Functional thyroid tissue generated from stem cells in mice
16 October 2012
The Université Libre de Bruxelles has developed a protocol
that allows for the first time the efficient generation of functional
thyroid tissue from stem cells in mice. The research is published in the
journal Nature (10th October).
The discovery could allow the treatment of patients who suffer from
thyroid hormone deficiency due to defective function, or abnormal
development of the thyroid gland.
Thyroid hormones are a class of iodide-containing molecules that
play a critical role in the regulation of various body function
including growth, metabolism and heart function and that are crucial
for normal brain development. The thyroid gland, an endocrine organ
that has been specialized in trapping iodide, is the only organ
where these hormones are produced.
It is, however, of note that one out of 3000 human newborns is
born with congenital hypothyroidism, a condition characterized by
insufficient production of thyroid hormones. In the absence of a
medical treatment with thyroid hormones — initiated during the first
days after birth — the child will be affected by an irreversible
mental retardation. Moreover, a life-long hormonal treatment is
necessary in order to maintain proper regulation of growth and
By employing a protocol in which two important genes can be
transiently induced in undifferentiated stem cells, the researchers
at IRIBHM were able to efficiently push the differentiation of stem
cells into thyrocytes, the primary cell type responsible for thyroid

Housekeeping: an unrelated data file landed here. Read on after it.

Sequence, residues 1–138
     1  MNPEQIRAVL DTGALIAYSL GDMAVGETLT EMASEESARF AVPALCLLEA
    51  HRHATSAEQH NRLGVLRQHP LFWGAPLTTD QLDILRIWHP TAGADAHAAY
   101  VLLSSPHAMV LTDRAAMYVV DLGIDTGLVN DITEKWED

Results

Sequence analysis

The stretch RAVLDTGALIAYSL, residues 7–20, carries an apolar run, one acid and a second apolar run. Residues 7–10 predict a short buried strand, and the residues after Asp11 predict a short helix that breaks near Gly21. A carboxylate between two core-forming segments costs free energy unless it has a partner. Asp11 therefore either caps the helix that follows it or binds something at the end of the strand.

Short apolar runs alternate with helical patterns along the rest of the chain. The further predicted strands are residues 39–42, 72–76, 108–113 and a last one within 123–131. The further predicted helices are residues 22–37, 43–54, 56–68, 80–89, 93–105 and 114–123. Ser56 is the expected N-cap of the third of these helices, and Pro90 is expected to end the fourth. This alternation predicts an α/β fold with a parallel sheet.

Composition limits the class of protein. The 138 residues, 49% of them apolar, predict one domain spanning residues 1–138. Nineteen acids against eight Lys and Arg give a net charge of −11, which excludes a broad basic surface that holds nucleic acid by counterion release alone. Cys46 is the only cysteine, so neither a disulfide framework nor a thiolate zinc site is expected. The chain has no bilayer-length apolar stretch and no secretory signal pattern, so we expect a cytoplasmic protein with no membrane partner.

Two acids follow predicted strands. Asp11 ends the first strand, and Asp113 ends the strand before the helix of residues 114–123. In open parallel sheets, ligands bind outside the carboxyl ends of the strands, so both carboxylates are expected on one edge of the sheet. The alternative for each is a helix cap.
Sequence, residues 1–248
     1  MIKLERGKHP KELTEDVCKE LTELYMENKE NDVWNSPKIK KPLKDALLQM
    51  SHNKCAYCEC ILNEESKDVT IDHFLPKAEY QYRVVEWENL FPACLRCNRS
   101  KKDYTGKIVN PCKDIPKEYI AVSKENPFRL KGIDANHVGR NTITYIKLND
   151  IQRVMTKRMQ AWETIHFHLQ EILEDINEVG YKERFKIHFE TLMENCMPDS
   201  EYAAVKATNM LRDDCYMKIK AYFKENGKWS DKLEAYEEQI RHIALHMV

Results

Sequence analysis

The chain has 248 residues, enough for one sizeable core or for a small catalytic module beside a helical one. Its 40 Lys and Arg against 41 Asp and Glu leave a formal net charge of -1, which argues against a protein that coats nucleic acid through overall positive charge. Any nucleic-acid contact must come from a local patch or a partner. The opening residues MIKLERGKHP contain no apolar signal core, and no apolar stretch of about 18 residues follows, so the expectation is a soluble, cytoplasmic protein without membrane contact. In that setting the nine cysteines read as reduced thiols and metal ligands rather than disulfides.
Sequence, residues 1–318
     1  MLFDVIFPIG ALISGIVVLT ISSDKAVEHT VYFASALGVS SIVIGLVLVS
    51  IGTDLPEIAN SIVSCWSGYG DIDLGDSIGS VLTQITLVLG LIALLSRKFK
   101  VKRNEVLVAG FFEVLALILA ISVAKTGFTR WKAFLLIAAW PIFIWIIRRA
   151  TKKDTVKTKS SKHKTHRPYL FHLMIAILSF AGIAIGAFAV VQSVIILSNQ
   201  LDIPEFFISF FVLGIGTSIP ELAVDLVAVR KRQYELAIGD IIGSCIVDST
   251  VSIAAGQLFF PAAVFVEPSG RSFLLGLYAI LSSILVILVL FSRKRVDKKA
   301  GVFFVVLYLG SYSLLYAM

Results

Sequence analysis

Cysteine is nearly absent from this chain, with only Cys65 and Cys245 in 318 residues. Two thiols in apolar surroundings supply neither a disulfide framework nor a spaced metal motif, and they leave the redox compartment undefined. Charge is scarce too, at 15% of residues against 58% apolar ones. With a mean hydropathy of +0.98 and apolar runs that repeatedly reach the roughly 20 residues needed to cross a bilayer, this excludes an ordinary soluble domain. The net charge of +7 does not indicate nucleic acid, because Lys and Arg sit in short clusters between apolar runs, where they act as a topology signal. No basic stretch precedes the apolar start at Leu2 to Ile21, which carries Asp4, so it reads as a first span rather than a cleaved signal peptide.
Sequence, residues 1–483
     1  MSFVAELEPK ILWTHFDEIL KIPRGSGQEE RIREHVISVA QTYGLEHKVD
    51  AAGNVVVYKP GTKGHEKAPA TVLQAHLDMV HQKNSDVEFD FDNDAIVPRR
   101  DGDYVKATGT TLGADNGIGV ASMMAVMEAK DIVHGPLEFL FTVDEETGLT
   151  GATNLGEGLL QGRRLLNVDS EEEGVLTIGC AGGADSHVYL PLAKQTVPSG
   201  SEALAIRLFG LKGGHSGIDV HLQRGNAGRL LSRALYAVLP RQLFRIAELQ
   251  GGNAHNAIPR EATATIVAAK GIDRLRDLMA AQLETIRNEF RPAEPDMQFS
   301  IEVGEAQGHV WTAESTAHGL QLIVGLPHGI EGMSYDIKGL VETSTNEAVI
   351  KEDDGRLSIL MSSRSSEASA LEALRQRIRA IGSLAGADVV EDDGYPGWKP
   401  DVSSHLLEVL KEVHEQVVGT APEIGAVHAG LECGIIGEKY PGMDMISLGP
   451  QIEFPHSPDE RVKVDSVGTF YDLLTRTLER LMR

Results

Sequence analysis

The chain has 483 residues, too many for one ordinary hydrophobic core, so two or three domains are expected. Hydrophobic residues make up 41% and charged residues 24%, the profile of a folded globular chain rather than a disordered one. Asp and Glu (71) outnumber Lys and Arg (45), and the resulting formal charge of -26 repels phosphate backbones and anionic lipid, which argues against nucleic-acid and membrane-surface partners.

hormone production in the thyroid gland.
A first exciting finding of these studies was the development of
functional thyroid tissue already within the culture dishes. As a
next step, the team of Sabine Costagliola transplanted the
stem-cell-derived thyrocytes into mice lacking a functional thyroid
gland. Four weeks after transplantation, the researchers observed
that transplanted mice had re-established normal levels of thyroid
hormones in their blood and were rescued from the symptoms
associated with thyroid hormone deficiency.
These findings have several important implications. First, the
cell system employed by the IRIBHM group provides a vital tool to
better characterize the molecular processes associated with
embryonic thyroid development. Second, the results of the
transplantation studies open new avenues for the treatment of
thyroid hormone deficiency but also for the replacement of thyroid
tissue in patients suffering from thyroid cancer.
The researchers are currently developing a similar protocol based
on human stem cells and explore ways to generate functional human
thyroid tissue by reprogramming pluripotent stem cells (iPS) derived
from skin cells.